‘The Mayans’: A Drug-Running Motorcycle Gang and American Family Values. Hey, These Days, Why Not?
After a short and rather unsatisfying visit to the Middle Ages, Kurt Sutter is returning to his comfort zone of contemporary violent California motorcycle gangs. Er, clubs.
Lest there be any doubt that Sutter’s new series The Mayans shares bloodlines with his late underappreciated Sons of Anarchy, the opening scene of The Mayans features a crow.
Since the acronym for the motorcycle club in Sons of Anarchy was SAMCRO, no fan will miss the connection or the message.
The Mayans roars into action Tuesday at 10 p.m. ET, and Sutter smartly sprinkles Sons references and motifs into a new yet familiar world.
The Mayans, a supporting act in Sons, get their own story here. The branch on which the show will focus is a charter in Southern California near the Mexican border. The members are Latino, which itself adds an intriguing subtext.
While they probably multitask, the Mayans’ first job here is providing transportation and protection for the heroin pipeline of the Galindo cartel, headed by second-generation boss Miguel Galindo (Danny Pino).
Miguel has the slick manner and arrogant confidence of a man with all the answers. His deal with the Mayans was struck for mutual convenience, not mutual affection.
Miguel has such faith in his untouchability that he maintains a publicly respectable life as the rich, loving husband of Emily Thomas (Sarah Bolger). They have a son they both adore.
Emily is way more than just a Godfather wife here. She serves as a critical plot link because she was for a long time the girlfriend of Ezekiel “EZ” Reyes (J.D. Pardo), the linchpin character in The Mayans.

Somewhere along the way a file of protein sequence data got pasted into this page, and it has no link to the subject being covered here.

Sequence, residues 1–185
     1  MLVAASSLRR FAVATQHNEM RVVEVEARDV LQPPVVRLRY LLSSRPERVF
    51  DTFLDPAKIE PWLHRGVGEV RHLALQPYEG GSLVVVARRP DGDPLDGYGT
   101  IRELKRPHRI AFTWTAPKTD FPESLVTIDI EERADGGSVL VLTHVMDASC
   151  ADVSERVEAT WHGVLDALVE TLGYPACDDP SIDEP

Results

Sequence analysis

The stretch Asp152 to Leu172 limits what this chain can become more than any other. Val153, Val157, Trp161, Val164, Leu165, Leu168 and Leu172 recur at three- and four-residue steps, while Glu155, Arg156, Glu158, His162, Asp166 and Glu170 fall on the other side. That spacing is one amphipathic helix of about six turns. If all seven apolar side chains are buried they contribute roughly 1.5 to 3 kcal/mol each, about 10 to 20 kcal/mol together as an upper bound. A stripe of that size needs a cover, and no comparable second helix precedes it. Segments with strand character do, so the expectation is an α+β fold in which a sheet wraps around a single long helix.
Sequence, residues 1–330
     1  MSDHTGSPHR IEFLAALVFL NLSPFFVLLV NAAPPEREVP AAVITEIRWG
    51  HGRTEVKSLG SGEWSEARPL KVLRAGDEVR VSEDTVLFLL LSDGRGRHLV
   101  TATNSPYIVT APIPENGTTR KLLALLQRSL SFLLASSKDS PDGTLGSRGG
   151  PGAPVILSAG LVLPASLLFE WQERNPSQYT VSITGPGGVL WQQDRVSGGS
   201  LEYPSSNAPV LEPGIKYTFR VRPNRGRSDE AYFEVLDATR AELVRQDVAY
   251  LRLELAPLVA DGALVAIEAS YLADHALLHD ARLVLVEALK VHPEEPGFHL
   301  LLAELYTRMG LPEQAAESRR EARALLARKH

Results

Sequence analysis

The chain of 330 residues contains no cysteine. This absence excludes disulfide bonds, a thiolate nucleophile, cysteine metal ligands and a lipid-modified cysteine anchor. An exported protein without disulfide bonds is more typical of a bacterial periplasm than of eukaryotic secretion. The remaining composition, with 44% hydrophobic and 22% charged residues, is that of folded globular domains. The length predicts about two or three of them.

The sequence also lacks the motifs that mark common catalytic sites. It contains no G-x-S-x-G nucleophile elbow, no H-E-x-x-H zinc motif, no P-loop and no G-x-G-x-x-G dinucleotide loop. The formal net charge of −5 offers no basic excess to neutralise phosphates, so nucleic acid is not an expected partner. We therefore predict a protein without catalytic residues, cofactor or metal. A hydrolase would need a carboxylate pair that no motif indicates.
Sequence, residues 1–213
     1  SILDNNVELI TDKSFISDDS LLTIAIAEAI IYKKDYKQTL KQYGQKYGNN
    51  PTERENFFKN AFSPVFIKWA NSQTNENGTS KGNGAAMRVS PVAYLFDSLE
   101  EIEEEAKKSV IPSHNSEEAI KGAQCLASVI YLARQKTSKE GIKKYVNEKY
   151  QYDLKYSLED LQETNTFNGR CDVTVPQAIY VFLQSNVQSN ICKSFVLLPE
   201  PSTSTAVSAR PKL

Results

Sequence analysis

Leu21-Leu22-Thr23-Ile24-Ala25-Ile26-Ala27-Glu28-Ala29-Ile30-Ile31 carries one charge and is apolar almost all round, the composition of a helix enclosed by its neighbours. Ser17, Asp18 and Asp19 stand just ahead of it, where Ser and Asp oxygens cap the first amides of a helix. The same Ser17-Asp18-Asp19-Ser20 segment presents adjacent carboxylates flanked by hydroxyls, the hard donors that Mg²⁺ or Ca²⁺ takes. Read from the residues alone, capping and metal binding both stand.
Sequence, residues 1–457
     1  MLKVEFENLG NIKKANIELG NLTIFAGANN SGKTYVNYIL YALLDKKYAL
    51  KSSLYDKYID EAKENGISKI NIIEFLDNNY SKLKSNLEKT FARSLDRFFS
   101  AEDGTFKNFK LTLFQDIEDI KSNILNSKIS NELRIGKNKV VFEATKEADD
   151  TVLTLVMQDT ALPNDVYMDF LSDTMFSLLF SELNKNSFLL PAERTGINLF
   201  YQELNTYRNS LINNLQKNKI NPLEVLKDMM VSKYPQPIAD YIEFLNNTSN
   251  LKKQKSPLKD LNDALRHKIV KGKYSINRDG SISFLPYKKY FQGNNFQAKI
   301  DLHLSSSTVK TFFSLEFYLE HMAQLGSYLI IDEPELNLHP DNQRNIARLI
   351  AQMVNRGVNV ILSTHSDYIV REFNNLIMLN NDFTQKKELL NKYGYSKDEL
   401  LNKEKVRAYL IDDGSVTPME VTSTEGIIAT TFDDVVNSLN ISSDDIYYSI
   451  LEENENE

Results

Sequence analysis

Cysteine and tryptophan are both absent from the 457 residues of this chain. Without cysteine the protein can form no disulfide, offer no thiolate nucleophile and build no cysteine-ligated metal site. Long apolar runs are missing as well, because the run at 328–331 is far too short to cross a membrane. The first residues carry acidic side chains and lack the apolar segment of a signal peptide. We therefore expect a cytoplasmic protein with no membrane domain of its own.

The son of hard-working immigrant Felipe “Pop” Reyes (Edward James Olmos), EZ was the second-generation kid who was going to crash his way into successful America because he was smart and knew the game and had every resource of the family behind him.
He got as far as Stanford. Then something happened and now, instead of applying for a Neiman Fellowship, EZ is a “prospect” being vetted for the Mayans.
His brother Angel (Clayton Cardenas) is his sponsor. They love each other, which may or may not be enough.
To the surprise of no one, the Mayan/Galindo arrangement hits a rough patch and violence breaks out. While bad guys are often bad shots, they throw enough sheer volume of lead that people get hurt.
The first episode contains almost no counterpresence to the illegal drug industry. The police seem at best seriously outnumbered, which doesn’t mean the cartel has nothing to worry about.
For starters, they might want to be concerned about Adelita (Carla Baratta), who has a history with the Galindos and would like some closure.
The Mayans has a tough task in at least one sense: Even though Sutter cleansed his palate between courses with the unrelated and unsuccessful Bastard Executioner before he came back to The Mayans, any new Sutter motorcycle drama inevitably will be compared to Sons.
That’s a high bar, and no show, including The Mayans, could instantly clear it. It will take a while for fans to reactivate that level of engagement.
Sutter always said Sons at its heart was about family, and the closeness of the Reyes family suggests he would likely say the same about The Mayans.
As for viewers, we had a love/hate relationship with the Sons characters. We hated their career choices and the often gruesome consequences, at the same time we never stopped hoping something could keep alive the flickering lights of their better angels.
That’s already a good description for the EZ Reyes character. Whether we will eventually care enough about him to maintain that hope will likely determine whether The Mayans endures.
Sons of Anarchy started well and needed time to get better, to prove it wasn’t just a ride through Desolation Row. The characters in The Mayans deserve time, too.